It is also possible that the Bokoharam phenomenon is a remnant or the last kicks of Nigeria’s militarized politics. It would be naïve to assume that the process of democratization in a country that has had generations of military rule would just take root through the ballot box. Hence we need to look closely at the potential for consolidation of democracy in Nigeria basing on this year’s elections.


President Jonathan was gracious and statesmanlike in conceding defeat and congratulating General Buhari. Goodluck is indeed lucky that he has seen Nigeria make a smooth electoral transition. It is not inconceivable to consider Goodluck for the Mo Ibrahim Prize for successfully relinquishing power. The building blocks for democratic consolidation in Nigeria are now in place, it all depends on how General Buhari will play his political cards.

What will it take for democracy to take firm roots in Nigeria? This year’s elections were conducted in a fairly free and peaceful manner. Some irregularities were noted but they are minimal and can be addressed in courts of law. Nigeria’s electoral commission will therefore be critical in ensuring free, fair and credible elections for years to come. The move from bullets to ballots is now part of Nigeria’s political narrative and needs to be celebrated.

Nigeria is also a multiethnic society with ethno-politics looming large. It is not yet clear how ethnicity played out in this year’s elections. Part of the process of consolidating democracy in Nigeria is to rally voters around manifestos that address real issues instead of where a person comes from or his tribe. The other identity that is contested is religion especially Islam and Christianity — the two main spiritual contenders for Nigeria’s public space.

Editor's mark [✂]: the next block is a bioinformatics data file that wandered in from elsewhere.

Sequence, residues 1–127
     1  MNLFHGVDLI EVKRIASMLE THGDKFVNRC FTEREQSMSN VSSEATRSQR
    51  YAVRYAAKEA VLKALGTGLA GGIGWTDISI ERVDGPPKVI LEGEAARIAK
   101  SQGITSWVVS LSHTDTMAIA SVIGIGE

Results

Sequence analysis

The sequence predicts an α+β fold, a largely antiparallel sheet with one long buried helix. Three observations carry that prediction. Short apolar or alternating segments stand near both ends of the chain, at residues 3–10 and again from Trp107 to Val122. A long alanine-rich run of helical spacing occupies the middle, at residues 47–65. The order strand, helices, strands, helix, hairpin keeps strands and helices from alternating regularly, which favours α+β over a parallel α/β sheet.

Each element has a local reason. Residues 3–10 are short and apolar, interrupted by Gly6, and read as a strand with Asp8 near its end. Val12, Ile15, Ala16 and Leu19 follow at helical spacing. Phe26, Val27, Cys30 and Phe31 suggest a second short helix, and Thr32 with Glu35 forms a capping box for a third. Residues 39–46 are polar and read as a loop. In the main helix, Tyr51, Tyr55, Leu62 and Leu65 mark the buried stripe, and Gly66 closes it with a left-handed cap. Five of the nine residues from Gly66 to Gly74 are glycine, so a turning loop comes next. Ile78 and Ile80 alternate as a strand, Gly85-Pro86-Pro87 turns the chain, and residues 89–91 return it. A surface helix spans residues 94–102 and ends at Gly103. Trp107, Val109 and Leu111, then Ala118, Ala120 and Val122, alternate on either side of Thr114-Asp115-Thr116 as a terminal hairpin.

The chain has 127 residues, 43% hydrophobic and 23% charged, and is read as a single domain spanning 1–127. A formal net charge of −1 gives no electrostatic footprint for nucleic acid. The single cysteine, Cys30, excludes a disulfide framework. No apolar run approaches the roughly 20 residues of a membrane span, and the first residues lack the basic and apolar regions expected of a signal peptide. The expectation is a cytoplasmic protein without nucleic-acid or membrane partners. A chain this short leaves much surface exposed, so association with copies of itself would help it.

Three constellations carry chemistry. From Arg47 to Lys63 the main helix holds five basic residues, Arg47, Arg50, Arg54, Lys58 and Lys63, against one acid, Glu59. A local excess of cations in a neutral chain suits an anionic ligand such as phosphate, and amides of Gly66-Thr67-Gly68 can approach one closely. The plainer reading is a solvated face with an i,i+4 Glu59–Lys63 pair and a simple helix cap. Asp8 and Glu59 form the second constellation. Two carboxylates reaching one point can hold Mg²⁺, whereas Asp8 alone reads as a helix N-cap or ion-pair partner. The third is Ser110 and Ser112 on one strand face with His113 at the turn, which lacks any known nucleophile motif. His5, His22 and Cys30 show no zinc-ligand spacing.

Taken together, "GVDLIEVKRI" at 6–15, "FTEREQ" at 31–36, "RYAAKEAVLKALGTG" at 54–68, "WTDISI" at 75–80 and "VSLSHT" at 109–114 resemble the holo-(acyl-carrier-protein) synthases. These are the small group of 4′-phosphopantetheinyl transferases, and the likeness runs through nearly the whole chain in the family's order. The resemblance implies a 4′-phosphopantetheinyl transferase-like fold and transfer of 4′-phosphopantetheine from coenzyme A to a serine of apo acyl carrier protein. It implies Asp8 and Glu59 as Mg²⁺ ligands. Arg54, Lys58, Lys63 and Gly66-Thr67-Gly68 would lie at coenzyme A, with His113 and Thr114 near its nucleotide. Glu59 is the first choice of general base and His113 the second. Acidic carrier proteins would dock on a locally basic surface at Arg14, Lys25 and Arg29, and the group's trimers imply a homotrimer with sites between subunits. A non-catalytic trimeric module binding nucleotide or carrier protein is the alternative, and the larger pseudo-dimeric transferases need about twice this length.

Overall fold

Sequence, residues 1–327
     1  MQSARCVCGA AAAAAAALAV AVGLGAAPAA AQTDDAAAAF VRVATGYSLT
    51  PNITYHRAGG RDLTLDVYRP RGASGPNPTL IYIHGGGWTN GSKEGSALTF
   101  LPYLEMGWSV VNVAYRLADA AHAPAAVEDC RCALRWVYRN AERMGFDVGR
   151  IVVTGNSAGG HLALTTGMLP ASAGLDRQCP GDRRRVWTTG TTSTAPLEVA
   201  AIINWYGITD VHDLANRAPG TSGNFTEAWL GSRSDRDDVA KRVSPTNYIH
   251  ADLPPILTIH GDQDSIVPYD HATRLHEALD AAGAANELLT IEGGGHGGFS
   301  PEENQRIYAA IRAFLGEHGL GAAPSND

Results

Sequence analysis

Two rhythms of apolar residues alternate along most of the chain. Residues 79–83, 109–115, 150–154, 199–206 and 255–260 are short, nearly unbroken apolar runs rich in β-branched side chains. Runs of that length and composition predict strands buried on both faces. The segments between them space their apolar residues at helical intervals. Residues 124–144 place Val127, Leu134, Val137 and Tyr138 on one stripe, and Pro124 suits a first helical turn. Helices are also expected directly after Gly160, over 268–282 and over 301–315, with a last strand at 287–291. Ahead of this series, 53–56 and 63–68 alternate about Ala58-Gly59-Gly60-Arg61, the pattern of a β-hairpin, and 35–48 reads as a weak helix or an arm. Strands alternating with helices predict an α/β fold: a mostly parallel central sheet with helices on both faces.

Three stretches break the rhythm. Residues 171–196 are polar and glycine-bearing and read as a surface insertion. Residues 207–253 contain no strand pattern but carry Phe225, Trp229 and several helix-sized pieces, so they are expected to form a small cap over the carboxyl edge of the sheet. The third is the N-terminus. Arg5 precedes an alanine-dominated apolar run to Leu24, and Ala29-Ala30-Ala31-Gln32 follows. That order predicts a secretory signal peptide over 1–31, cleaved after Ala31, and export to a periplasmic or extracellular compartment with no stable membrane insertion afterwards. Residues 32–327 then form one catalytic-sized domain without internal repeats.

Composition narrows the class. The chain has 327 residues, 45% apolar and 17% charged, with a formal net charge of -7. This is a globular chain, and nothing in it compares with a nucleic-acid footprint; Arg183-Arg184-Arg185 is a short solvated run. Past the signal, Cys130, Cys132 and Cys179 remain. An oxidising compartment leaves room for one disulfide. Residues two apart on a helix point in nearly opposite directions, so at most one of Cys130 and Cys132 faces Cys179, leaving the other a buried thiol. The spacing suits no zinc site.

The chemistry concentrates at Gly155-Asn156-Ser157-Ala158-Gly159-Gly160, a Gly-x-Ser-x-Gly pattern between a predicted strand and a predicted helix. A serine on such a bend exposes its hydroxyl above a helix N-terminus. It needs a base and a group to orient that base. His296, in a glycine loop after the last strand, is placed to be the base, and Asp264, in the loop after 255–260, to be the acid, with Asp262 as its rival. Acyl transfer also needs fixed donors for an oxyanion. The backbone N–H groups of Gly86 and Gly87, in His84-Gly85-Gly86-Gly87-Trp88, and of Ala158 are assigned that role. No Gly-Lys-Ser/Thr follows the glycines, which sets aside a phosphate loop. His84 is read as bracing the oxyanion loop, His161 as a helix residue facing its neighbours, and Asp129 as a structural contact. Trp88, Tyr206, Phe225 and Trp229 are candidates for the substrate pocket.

The elephant in the Nigeria’s room is corruption. It is naïve to assume that one can consolidate democracy in a corrupt environment. Nigeria’s oil resources end up in the pockets of a few elite. The Nigerian economy would easily be the shining model for the Africa were it not for corruption. Hopefully General Buhari who has the broom as his political symbol will sweep corruption out of Nigeria’s public sector, especially in the oil industry. With this euphoria of successful elections of 2015, Nigeria needs to work on her image and not continue to be labeled as Africa’s most corrupt nation. Nigeria needs to rebrand itself. But for radical change to happen along this line, civil society and individual Nigerians will have to be on the same page as the government in working for a new dispensation.

Not to be left out in this clamor for a new dispensation in Nigeria are religious leaders. Nigeria is notoriously religious but this religious fervor needs to be translated into dynamics of social transformation rather than religious fundamentalism. Religion should be catalyst for social justice and social transformation and not a legitimizing force for the status quo.


Nigeria’s recently concluded elections have set a pace for the rest of the African continent. It is hoped that other countries will follow this example with the conviction that there is life after one has handed over power to the next democratically elected leader. Nigeria has what it takes to consolidate her democracy, but the road ahead is a long and a dusty one. Aware that democracy is not an event but a process, democratic consolidation in Nigeria will require concerted efforts by all stakeholders in the process of nation building.

Let us hope that Boko haram will not spoil the party. It would be absurd if the militants were to spoil the excitement ushered in by successful elections. If there is one lesson to learn from this year’s elections, it is the following: that political issues can be resolved by the ballot and not by the bullet. And if other African countries that will have elections in the near future follow the Nigerian path, we can speak of Africa’s fourth wave of democratization. An African spring will have been ushered in without street protests to pull down regimes.

Odomaro Mubangizi, PhD, teaches philosophy and theology at the Institute of Philosophy and Theology in Addis Ababa, Ethiopia.